If you’re feeling overwhelmed by debt lately, rest assured you’re not alone in this experience. In fact, the average U.S. household carried more than $16,000 in credit card debt in 2016. This represents a 10 percent increase in a decade—a trend that’s expected to continue as we move further away from the recession. So, having debt by no means makes you an anomaly. Nonetheless, it can be stressful and even feel shameful to carry debt.
But there’s good news: Owing money is by no means a financial death sentence. After all, financial health is an ongoing journey. Here are a few tips to help you get started.
Taking Stock of Your Financial Situation
You have to walk before you can run. Before you can tackle your debt, you have to understand it. This can be very challenging, as it involves facing your debt head-on and even peeling away layers of debt denial. It’s also important at this point to take a metaphorical magnifying glass to your spending habits. You’ll need to find ways to save down the line so you can reallocate more of your income to paying down debt.
The truth is, overspending can occur whether you make minimum wage or a six-figure income. The first step? According to one financial planner for CNN: “Have the courage to take a look. A lot of people don’t want to; it’s scary sometimes and numbers aren’t people’s favorite.”
If you’ve been avoiding answering your phone or opening your mail because you dread collection notices, plan to sit down and get caught up. While you may experience nerves at first, you can take solace in the fact that you’re empowering yourself to take back control of your financial destiny. That’s something to celebrate, even if it occurs in baby steps.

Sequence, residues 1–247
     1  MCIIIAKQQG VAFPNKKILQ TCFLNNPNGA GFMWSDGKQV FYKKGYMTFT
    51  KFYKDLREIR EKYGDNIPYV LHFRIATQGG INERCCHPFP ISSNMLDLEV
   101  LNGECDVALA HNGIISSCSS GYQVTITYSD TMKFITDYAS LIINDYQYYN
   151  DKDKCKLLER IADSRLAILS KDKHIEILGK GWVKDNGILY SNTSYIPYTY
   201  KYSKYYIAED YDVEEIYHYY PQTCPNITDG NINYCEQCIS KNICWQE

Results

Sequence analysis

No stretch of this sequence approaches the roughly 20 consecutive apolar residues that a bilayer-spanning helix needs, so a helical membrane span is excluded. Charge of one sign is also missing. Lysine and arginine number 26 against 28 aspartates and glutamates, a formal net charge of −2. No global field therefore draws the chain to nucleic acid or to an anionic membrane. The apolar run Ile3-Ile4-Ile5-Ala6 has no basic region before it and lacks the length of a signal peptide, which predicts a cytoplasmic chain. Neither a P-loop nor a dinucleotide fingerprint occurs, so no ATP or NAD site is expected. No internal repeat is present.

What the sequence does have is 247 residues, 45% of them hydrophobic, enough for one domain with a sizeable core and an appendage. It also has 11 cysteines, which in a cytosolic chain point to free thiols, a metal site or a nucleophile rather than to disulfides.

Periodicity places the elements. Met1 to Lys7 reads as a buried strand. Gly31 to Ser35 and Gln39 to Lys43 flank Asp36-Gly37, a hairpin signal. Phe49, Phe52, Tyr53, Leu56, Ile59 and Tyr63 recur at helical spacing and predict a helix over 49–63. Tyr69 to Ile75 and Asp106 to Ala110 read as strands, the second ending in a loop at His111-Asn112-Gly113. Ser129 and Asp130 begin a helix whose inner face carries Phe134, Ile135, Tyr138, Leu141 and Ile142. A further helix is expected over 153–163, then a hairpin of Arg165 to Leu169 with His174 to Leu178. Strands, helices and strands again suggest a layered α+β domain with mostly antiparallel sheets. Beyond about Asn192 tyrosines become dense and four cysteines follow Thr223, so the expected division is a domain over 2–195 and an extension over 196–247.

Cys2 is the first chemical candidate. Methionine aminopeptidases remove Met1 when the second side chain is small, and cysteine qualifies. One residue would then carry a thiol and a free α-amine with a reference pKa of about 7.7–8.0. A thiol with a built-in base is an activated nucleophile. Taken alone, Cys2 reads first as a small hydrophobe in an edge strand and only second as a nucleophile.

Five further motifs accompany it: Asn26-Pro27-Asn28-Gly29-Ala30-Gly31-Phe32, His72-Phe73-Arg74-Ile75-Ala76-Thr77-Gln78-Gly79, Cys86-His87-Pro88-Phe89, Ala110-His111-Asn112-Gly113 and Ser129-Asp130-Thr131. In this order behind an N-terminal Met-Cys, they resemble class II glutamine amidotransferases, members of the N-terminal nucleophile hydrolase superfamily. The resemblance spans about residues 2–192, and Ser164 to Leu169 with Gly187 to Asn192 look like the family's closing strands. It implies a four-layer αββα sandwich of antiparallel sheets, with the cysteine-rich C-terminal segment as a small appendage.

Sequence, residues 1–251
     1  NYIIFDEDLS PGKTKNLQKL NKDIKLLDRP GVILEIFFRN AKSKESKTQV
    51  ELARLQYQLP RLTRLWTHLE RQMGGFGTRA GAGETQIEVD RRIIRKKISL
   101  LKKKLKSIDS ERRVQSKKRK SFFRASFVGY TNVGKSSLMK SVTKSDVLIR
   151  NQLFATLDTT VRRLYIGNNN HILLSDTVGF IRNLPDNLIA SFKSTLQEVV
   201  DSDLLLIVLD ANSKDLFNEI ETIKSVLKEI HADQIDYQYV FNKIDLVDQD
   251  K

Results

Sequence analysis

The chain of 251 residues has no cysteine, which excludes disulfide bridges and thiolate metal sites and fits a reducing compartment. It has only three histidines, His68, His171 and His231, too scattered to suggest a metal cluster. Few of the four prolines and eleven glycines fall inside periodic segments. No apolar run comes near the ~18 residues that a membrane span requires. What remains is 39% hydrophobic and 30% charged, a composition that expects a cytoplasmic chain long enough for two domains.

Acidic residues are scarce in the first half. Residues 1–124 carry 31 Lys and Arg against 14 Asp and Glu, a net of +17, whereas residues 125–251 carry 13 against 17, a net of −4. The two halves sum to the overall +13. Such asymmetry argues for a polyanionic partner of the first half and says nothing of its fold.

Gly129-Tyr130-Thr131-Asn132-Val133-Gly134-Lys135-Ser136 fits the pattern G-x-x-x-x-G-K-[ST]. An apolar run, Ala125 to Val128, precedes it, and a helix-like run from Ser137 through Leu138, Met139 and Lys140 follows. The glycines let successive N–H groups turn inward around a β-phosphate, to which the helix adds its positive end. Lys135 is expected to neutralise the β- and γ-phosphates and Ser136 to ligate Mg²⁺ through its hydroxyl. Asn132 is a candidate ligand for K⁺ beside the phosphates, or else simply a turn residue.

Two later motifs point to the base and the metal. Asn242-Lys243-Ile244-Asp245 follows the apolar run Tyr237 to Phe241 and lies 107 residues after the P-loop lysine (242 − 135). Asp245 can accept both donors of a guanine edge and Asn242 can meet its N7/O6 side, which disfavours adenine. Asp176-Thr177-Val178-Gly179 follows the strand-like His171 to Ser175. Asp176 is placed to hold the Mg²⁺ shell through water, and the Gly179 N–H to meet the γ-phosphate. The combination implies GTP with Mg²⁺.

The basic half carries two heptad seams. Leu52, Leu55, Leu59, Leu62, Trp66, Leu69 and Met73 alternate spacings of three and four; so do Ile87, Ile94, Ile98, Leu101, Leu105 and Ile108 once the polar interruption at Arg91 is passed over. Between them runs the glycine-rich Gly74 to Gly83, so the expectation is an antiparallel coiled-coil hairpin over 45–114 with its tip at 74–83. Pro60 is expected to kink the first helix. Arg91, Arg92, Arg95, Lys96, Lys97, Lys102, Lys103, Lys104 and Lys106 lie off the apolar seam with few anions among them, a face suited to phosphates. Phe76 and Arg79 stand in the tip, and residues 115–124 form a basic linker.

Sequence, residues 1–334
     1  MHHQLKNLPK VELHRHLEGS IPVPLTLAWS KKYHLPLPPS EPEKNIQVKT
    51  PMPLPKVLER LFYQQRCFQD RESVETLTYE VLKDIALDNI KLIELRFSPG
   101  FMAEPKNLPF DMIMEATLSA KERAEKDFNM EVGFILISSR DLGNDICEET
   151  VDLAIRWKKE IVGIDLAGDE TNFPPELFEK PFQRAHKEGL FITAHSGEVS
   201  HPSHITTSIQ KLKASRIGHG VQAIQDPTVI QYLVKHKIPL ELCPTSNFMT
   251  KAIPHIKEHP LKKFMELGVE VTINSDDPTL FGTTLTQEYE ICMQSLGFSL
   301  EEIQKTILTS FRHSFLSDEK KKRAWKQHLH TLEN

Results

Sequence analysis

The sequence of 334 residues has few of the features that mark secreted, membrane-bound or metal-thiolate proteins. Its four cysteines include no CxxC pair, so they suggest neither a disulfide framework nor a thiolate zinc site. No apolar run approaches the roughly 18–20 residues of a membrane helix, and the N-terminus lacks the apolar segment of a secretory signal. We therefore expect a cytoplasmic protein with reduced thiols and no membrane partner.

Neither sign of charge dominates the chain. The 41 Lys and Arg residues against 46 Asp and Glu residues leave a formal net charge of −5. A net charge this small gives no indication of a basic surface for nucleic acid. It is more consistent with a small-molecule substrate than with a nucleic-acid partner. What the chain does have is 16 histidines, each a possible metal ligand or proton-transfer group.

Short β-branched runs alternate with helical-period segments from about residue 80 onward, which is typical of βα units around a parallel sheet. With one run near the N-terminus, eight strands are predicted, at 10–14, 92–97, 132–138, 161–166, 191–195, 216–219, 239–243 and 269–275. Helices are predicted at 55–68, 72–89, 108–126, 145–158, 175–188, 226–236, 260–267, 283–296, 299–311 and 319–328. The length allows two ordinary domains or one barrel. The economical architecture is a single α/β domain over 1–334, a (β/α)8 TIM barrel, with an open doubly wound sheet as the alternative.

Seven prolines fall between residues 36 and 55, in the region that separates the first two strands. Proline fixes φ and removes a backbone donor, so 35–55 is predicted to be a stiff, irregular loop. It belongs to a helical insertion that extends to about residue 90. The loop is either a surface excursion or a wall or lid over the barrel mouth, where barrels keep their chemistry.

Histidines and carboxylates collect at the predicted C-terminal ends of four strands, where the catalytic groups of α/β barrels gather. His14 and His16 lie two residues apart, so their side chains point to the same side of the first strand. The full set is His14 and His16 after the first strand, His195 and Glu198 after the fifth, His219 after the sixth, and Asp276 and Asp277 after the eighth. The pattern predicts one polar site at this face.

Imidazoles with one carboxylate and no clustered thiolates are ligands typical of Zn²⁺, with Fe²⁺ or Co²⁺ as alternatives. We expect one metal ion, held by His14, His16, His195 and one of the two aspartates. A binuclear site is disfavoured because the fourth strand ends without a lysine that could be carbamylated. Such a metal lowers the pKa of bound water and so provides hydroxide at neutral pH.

Come Up with a Game Plan
Now it’s time to decide whether it’s more prudent to pursue debt repayment on your own or utilize a more formal debt relief solution. Your choice will boil down to factors like the type and amount of debt you carry, plus your income and lifestyle needs. Some people are able to overhaul their budget in order to pay off debts faster. Others benefit from taking a more structured approach in which they have access to trained professionals.
People with $7,500 or more in debt may choose to enroll in an option like debt settlement. This strategy aims to negotiate down how much you actually owe using trained negotiators. Consumers pay into an account in order to build up enough money for these negotiations. Like any potential solution, consumers should research debt settlement in general, as well as specific companies. Learn which companies have a proven track record of helping consumers by looking up proprietary terms like “Freedom Debt Relief reviews.” These types of programs require months or years to work, so make sure you’re prepared to commit before signing up.
Sometimes Debt Is Productive
Did you know there’s actually “good debt” and “bad debt”? Some debt helps you create value and achieve life milestones. Mortgages and student loans are two prime examples of potentially good debt—although they, too, can become overwhelming. But the end result tends to add value in the form of real estate or higher earning potential.
Bad debt, on the other hand, goes toward purchasing things that lose value. Unsurprisingly, credit card debt falls under this umbrella when it goes toward buying non-essentials. If you’re carrying non-productive debt, address this first. Credit cards also tend to come with high interest rates, making outstanding balances even more dangerous.
Owing money isn’t a financial death sentence, but consumers should do everything they can to keep debt levels low or non-existent, especially when it comes to “bad debt.”